The white folks have mostly left. In May 1961, when the first Freedom Riders arrived, Jackson was 65 percent white. In 1970, when police fired on students protesting the Vietnam War at Jackson State, killing two of them, whites still made up 60 percent of the city. But since then, whites have fled in droves. In the 1990s, Jackson lost 35,000 whites—mostly to the suburbs of nearby Rankin and Madison counties. Middle-class and wealthy blacks were leaving, too. By 1997, when the city elected its first black mayor, Jackson was over two-thirds black. Today, that figure is closer to 80 percent.
Mississippi’s white power structure reacted to the change with malign neglect—perhaps best symbolized by the perilous condition of the city’s roads. Driving along Mill Street back to my hotel a few blocks from the Governor’s Mansion, I counted a dozen potholes, some deep enough to swallow an entire wheel—or a small car. In Belhaven, the leafy, historically white neighborhood that served as a location for the film The Help, the potholes even have their own Facebook page.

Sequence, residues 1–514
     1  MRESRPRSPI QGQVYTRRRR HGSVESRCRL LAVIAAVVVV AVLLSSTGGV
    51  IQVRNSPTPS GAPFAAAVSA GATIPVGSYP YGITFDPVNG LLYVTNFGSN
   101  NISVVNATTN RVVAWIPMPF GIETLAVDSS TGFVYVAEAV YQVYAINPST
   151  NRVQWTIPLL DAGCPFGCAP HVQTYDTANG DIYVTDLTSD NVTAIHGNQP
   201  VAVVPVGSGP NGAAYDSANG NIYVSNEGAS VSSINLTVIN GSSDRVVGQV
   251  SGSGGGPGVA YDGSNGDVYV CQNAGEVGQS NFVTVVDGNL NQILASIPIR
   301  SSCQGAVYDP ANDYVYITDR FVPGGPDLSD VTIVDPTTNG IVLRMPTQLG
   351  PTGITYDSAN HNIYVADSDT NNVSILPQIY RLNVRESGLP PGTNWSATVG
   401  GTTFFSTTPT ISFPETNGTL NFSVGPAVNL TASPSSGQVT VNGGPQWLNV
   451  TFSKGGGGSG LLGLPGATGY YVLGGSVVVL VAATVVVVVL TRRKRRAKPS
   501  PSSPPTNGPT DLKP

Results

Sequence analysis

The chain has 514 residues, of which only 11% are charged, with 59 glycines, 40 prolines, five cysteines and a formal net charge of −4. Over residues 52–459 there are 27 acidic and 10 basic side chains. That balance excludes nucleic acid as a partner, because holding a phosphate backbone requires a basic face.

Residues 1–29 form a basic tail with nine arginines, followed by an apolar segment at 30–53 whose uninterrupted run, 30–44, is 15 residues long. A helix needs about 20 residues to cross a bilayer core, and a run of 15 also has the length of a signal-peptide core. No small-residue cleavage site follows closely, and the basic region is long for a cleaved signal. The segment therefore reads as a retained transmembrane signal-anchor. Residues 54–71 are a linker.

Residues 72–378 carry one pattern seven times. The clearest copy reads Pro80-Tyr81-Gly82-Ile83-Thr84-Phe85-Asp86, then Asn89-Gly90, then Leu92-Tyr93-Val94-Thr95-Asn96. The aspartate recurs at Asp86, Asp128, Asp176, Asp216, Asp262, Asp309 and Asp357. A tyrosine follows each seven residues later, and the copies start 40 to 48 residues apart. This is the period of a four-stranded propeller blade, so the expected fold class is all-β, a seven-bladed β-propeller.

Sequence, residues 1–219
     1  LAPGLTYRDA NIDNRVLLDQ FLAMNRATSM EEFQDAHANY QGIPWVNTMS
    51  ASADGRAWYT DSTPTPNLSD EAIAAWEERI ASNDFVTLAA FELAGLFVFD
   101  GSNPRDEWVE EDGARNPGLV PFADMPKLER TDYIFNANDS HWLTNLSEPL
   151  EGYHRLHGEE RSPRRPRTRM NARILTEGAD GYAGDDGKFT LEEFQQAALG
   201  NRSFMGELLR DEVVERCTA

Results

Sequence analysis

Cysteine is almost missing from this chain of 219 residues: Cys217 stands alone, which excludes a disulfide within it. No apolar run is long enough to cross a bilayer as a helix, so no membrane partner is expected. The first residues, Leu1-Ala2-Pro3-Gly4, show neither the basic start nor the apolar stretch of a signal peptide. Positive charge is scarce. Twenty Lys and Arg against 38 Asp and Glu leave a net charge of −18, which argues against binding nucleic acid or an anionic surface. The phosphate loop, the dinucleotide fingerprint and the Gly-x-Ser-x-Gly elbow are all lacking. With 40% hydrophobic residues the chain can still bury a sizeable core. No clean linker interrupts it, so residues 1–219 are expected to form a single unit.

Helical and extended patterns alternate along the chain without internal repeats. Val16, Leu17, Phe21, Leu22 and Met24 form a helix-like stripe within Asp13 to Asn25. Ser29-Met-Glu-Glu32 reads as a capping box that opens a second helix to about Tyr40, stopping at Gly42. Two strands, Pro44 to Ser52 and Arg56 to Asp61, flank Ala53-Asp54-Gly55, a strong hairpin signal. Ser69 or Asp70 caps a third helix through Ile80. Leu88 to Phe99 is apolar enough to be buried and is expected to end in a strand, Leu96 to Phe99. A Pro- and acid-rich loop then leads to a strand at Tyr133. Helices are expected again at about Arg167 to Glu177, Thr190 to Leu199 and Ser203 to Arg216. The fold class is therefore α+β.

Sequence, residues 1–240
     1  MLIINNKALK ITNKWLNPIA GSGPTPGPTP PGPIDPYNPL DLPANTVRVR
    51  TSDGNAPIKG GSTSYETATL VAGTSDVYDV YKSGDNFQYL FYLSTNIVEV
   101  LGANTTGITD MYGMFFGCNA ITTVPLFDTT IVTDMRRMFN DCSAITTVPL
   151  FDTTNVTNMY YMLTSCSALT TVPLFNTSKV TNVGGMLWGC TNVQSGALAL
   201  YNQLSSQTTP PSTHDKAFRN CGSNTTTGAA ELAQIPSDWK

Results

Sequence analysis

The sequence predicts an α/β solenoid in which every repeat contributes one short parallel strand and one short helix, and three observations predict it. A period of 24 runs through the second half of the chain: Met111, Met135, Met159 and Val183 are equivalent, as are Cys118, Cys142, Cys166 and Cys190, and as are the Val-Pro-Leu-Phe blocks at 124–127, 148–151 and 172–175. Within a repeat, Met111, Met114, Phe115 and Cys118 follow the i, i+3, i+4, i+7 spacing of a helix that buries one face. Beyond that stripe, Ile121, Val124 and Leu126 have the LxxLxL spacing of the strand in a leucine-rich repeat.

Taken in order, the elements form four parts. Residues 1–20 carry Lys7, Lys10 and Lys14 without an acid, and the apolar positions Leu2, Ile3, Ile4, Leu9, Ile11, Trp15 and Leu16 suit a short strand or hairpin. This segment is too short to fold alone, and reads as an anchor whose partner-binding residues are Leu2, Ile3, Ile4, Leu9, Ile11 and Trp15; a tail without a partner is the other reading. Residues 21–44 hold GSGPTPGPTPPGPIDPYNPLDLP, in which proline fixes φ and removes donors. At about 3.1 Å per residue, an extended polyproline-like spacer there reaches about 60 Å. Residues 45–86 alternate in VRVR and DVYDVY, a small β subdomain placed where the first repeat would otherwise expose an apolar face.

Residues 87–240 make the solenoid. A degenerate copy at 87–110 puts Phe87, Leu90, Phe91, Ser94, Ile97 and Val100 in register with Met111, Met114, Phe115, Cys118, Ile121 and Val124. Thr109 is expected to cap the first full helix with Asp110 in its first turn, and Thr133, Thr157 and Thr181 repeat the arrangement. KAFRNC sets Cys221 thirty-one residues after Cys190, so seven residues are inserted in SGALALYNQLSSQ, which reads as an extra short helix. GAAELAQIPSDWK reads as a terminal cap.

The same Yazoo clay that undermines Jackson’s streets also wreaks havoc on the city’s aging water pipes and culverts. Throughout the fall, residents regularly received “boil notices” from the State Department of Health warning them not to drink the tap water. Back in 2012, Jackson entered into a consent decree with the Environmental Protection Agency that required $400 million in repairs to bring the city’s water and sewer systems into compliance with federal standards. According to the EPA, during the previous five years Jackson’s sewers overflowed more than 2,300 times, sending untreated waste into the Pearl River.